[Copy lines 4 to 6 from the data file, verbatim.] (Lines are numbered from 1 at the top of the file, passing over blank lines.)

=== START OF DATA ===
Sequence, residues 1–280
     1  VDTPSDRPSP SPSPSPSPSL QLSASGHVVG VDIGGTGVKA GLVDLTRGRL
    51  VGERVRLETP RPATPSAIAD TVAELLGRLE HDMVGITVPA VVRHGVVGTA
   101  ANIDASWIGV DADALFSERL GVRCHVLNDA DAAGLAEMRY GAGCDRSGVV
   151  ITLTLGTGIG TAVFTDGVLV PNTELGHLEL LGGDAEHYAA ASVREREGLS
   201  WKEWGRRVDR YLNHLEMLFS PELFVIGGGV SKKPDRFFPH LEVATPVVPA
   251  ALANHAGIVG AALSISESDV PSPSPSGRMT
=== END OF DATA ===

   101  ANIDASWIGV DADALFSERL GVRCHVLNDA DAAGLAEMRY GAGCDRSGVV
   151  ITLTLGTGIG TAVFTDGVLV PNTELGHLEL LGGDAEHYAA ASVREREGLS
   201  WKEWGRRVDR YLNHLEMLFS PELFVIGGGV SKKPDRFFPH LEVATPVVPA